By Andrius Sytas and David Mardiste
Estonia, Latvia and Lithuania are tightening ID controls and erecting fences on their eastern borders, worried the Baltic region will become a new entry point for refugees as migrant routes through the Balkans becomes harder.
Governments fear they could see thousands of refugees cross from former ruler Russia - the focus of long historical mistrust - and Belarus.
Concerns have grown since around 6000 asylum seekers crossed into Finland and Norway from Russia last year.
Latvia and Estonia have begun to fence off their border with Russia.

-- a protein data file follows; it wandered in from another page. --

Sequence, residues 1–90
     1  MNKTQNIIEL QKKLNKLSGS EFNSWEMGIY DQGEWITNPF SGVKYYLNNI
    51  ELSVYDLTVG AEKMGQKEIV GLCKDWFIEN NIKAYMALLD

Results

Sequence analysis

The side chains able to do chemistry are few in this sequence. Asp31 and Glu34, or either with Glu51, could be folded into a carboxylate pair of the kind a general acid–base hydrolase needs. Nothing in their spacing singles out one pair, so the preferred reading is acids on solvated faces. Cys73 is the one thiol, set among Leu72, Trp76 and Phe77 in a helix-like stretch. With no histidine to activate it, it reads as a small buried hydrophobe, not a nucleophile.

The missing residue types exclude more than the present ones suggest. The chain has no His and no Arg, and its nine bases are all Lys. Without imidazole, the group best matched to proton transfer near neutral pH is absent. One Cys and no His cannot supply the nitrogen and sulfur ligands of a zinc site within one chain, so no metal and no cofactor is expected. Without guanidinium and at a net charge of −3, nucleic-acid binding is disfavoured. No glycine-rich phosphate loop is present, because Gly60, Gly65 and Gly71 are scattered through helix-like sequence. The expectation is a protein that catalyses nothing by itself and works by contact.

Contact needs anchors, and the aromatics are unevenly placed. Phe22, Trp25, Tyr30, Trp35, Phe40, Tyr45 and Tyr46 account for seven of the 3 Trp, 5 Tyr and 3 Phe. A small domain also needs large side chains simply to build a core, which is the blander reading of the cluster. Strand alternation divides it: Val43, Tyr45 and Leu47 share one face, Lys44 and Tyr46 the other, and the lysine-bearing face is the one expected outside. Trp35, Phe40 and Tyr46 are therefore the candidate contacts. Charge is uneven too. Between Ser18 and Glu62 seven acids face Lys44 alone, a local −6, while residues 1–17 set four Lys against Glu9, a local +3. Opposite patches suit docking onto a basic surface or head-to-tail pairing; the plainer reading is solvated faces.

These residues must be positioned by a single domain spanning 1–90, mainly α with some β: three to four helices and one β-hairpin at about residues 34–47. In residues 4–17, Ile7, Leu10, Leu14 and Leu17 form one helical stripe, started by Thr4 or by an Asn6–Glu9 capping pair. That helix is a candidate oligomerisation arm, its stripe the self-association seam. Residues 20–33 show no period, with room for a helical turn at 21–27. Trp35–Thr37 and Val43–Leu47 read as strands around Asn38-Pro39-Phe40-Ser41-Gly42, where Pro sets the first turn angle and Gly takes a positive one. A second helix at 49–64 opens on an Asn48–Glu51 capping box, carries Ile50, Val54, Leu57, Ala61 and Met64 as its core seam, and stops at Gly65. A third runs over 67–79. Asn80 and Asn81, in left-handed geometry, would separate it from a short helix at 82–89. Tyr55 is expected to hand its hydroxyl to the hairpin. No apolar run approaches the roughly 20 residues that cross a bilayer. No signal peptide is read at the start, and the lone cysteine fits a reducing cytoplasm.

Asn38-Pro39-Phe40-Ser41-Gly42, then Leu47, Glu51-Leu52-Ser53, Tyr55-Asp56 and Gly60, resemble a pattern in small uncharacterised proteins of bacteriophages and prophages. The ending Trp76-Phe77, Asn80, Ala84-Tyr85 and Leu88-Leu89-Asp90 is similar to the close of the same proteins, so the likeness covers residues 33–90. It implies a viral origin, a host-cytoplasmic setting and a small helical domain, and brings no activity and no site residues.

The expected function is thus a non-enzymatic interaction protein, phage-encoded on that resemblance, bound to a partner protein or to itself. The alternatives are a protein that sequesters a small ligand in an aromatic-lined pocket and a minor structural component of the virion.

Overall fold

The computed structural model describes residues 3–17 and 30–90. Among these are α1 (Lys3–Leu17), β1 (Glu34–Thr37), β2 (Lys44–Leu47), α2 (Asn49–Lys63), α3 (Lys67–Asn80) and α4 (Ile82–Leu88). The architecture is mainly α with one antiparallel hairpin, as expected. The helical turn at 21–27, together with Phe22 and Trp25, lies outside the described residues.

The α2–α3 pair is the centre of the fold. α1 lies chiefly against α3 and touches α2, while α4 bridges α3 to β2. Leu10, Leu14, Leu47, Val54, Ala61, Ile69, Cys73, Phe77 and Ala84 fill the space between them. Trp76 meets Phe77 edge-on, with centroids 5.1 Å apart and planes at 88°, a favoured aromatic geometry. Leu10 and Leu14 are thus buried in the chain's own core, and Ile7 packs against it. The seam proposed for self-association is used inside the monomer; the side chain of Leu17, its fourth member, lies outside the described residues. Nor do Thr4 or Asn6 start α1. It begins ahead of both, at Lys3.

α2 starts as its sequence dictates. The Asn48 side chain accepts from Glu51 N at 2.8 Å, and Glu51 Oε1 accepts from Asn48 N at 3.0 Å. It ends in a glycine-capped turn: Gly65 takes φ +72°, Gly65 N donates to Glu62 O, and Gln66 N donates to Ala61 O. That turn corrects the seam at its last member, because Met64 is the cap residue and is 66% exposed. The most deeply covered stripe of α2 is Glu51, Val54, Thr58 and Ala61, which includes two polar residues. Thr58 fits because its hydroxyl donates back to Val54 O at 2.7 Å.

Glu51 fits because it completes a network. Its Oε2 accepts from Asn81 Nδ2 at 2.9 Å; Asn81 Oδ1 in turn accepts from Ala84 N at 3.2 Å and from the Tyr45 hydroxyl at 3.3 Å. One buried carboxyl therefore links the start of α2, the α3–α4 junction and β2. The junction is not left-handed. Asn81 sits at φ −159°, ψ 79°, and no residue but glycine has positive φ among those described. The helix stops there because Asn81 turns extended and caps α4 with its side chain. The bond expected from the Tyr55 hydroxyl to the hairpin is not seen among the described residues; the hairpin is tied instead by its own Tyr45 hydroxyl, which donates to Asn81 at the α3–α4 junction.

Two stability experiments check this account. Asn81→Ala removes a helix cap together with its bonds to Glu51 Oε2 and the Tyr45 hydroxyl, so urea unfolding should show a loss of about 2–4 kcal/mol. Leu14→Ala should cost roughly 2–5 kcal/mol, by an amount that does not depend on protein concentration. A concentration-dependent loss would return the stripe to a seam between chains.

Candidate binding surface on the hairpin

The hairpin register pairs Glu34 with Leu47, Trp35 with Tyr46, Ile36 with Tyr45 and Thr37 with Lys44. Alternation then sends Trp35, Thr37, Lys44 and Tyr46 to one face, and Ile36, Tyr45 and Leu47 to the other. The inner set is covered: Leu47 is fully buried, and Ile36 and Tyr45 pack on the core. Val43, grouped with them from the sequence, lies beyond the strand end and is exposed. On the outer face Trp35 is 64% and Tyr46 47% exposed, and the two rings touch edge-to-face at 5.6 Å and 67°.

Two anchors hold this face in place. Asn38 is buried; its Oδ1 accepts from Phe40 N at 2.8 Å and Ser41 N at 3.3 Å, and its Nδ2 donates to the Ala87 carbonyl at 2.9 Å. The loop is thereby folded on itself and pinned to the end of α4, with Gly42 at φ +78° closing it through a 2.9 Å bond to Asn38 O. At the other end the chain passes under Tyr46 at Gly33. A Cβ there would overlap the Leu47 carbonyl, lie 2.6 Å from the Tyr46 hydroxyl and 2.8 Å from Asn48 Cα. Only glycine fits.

Security concerns also played a part after Russia annexed Ukraine's Crimean region and accusations an Estonian security officer was kidnapped on the border region in 2014.
Hundreds of Lithuanian border guards, police and soldiers started an exercise this week over handling a border crisis.
The reintroduction of ID checks on part of the border with its northern neighbour Latvia will also be tested at the exercise.
"Until last year, neither Norway nor Finland had any migration problems on the Russian border," commander of the Lithuanian state border guard Renatas Pozela told Reuters.
"Then migrant flows on that border jumped up in a single week, as if by the wave of a magic wand."
As controls tighten over the direct route from Greece into continental Europe, the route through Moldova, Ukraine and into the Baltic may become more popular, officials say.